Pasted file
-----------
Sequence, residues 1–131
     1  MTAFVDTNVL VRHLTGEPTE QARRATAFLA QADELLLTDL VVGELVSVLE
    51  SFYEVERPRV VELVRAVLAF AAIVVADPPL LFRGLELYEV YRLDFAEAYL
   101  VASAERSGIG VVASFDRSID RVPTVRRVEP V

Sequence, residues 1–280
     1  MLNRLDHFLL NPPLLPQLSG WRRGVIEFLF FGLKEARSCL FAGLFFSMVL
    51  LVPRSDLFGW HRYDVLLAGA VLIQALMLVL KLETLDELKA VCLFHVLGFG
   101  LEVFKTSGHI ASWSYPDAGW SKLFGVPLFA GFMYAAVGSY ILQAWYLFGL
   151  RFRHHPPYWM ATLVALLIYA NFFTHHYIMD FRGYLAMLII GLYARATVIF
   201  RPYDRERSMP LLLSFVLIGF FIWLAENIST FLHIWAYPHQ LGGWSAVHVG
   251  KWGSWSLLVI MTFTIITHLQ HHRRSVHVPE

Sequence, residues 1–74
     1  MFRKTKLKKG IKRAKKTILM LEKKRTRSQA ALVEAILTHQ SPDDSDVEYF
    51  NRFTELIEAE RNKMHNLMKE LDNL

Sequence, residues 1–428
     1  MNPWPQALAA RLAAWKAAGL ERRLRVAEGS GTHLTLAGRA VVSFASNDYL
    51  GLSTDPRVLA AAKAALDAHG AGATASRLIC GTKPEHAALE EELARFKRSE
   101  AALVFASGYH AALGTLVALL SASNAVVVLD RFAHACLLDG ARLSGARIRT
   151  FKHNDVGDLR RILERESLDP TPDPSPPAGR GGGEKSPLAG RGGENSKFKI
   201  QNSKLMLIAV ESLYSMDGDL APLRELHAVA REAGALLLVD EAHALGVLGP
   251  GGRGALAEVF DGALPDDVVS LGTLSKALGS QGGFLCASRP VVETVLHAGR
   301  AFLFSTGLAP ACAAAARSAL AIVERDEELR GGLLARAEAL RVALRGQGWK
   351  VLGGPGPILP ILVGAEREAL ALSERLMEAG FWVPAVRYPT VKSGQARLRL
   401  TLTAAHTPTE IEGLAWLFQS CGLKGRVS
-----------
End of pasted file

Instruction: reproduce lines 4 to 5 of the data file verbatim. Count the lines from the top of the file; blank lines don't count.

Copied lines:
   101  VASAERSGIG VVASFDRSID RVPTVRRVEP V

Sequence, residues 1–280